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FARM CREDIT SYSTEM REVIEWS AG'S CURRENT ECONOMIC CONDITIONS
Source: Farm Credit Administration news release

McLean, VA - At its monthly meeting today, the Farm Credit Administration board received a quarterly report (PDF) on economic issues affecting agriculture, together with an update on the financial condition and performance of the Farm Credit System (System) as of Dec. 31, 2020.

Record agricultural exports are contributing to favorable economic conditions for the U.S. farm sector. Exports to China have risen to record levels, with increases in soybeans, corn, wheat, and cotton. High crop prices and strong producer margins are expected to bring more acreage into production, but continuing drought in much of the western United States is a concern.

Rising crop prices are translating to higher feed costs and lower margins for livestock producers. Cow-calf margins are expected to be near breakeven despite the higher costs. For the hog industry, margins have deteriorated, but relatively strong demand and lower hog inventory are helping support prices. Income variability continues to trouble dairy farms. Small and high-cost producers will struggle to produce profits.

Farm sector income is expected to remain above average in 2021. Stronger market prices and receipts are expected to mostly offset the decline in government payments. Strong farmland values, especially in the Midwest, reflect current income prospects, increased interest from both farmers and investors, and low interest rates.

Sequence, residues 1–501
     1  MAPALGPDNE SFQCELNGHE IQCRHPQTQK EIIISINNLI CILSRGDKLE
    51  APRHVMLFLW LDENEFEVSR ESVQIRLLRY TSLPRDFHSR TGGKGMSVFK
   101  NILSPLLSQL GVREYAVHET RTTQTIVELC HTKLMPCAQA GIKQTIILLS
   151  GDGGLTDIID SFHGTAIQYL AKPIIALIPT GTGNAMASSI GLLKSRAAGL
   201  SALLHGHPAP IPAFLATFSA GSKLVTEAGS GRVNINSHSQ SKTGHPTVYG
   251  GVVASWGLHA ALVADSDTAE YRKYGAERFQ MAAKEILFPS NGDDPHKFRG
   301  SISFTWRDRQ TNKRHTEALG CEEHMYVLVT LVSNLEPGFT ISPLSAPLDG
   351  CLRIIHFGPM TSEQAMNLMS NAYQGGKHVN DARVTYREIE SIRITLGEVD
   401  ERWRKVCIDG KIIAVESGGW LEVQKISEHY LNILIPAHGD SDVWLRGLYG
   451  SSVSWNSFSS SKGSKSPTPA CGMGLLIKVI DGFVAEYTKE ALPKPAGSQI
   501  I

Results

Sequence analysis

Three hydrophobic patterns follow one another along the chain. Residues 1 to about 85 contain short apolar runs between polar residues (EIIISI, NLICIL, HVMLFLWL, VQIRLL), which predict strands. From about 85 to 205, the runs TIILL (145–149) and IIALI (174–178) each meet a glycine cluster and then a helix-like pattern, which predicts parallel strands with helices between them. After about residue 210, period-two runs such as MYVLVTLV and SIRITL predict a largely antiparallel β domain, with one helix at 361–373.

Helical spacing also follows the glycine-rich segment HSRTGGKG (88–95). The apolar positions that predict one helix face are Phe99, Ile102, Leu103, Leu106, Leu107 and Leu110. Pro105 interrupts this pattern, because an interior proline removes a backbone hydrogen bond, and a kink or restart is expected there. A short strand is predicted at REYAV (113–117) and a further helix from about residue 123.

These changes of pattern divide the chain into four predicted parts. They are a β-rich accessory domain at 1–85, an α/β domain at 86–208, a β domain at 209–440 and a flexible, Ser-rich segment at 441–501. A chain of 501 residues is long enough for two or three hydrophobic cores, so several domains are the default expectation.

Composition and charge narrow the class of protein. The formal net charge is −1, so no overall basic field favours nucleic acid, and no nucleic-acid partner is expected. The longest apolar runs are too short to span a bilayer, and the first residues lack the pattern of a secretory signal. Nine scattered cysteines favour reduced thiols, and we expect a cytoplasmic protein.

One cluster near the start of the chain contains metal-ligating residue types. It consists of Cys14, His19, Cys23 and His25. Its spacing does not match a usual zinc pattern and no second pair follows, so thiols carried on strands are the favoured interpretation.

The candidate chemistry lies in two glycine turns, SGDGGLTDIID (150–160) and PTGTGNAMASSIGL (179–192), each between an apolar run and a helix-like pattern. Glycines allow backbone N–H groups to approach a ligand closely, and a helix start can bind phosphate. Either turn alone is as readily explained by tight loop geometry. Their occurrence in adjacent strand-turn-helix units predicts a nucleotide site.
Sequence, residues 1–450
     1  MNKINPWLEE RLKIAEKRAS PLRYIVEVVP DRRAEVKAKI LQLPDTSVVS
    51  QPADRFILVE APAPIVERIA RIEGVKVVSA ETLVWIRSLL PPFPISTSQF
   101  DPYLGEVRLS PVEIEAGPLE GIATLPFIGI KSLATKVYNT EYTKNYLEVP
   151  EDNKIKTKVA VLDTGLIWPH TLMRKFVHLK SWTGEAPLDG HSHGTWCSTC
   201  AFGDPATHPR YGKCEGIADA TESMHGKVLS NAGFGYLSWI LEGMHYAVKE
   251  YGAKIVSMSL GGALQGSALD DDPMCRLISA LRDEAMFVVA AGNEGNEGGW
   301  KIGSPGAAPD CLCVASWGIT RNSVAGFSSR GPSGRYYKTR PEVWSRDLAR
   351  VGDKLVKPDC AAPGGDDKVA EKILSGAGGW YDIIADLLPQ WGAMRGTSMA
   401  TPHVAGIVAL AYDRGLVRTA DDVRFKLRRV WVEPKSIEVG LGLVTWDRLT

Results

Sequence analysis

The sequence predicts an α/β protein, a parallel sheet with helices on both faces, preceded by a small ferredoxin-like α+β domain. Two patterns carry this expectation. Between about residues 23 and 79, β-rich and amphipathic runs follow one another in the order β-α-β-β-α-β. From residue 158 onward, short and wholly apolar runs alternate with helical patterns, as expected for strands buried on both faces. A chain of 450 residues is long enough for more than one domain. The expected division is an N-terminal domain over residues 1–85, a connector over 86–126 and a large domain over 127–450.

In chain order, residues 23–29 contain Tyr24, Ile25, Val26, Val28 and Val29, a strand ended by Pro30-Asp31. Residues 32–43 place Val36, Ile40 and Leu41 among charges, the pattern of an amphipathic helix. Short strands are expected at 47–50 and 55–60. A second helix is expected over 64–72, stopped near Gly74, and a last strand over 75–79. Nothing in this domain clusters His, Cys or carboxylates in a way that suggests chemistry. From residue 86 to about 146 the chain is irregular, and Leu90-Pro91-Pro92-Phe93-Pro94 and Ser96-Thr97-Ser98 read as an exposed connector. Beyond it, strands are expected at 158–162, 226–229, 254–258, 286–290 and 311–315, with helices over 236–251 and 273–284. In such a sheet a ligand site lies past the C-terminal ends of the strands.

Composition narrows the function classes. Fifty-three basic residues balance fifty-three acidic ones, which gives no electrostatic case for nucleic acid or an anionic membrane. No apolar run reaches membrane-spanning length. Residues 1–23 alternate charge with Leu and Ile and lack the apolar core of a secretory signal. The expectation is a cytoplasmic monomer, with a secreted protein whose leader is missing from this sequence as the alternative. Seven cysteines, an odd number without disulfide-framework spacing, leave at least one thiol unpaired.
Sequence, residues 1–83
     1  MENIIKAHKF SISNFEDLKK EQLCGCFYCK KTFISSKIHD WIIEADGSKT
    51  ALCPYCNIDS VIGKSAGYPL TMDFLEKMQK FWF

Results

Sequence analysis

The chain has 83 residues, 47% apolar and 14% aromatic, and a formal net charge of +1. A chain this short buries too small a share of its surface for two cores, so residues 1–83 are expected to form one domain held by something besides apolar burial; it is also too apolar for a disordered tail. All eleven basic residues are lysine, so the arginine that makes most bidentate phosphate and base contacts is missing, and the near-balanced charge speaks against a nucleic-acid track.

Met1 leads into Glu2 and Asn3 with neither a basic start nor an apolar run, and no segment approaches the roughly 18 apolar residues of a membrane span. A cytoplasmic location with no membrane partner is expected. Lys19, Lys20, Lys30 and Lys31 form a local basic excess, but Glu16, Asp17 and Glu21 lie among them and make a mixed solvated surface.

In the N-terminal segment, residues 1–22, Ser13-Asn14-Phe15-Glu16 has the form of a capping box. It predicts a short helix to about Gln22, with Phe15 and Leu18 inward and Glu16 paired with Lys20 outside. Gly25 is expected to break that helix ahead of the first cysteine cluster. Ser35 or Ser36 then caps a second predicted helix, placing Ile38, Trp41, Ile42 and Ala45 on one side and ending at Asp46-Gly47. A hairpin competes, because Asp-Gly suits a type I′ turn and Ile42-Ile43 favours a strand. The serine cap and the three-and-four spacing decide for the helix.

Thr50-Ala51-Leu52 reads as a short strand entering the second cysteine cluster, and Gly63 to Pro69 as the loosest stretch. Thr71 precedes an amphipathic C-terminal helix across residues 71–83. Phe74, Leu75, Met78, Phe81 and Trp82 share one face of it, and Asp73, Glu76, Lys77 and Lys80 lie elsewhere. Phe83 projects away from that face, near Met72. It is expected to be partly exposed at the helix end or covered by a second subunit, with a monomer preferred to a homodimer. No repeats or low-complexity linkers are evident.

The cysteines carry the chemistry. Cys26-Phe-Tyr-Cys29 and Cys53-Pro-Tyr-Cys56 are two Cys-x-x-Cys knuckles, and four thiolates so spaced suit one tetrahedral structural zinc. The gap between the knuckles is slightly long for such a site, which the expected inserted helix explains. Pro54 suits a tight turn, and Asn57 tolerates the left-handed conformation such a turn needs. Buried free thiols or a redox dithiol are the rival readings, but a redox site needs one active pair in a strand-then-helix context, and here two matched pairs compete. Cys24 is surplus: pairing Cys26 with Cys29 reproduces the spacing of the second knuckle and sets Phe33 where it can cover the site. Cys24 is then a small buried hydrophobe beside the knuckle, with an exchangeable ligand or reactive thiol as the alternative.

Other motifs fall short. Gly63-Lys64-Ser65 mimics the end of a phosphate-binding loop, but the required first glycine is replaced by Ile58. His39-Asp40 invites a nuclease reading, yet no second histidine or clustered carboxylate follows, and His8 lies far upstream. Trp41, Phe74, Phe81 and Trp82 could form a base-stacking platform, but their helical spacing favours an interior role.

Another development that may affect the farm economy is that policymakers have begun to focus more on climate and conservation recently. Because of its long and rich history of conservation, U.S. agriculture can significantly contribute toward efforts to slow climate change and support conservation. No-till farming and the use of cover crops to sequester carbon are just a couple practices farmers can use to support these efforts. Although selling sequestered carbon may generate additional income streams for farmers, the activity also carries costs and risks, particularly when farmers must deliver and maintain specific carbon benefits.

Despite the shock of the pandemic to the U.S. economy and agriculture, the System remained safe and financially sound in 2020. For the year, the System reported strong results, including robust loan growth driven by real estate lending, higher earnings, and increased capital. The System's portfolio performed well throughout the year and loan quality remained sound. Credit risk continues to be elevated for certain agricultural sectors and geographic regions, but System institutions are well positioned to support agricultural producers and rural America.


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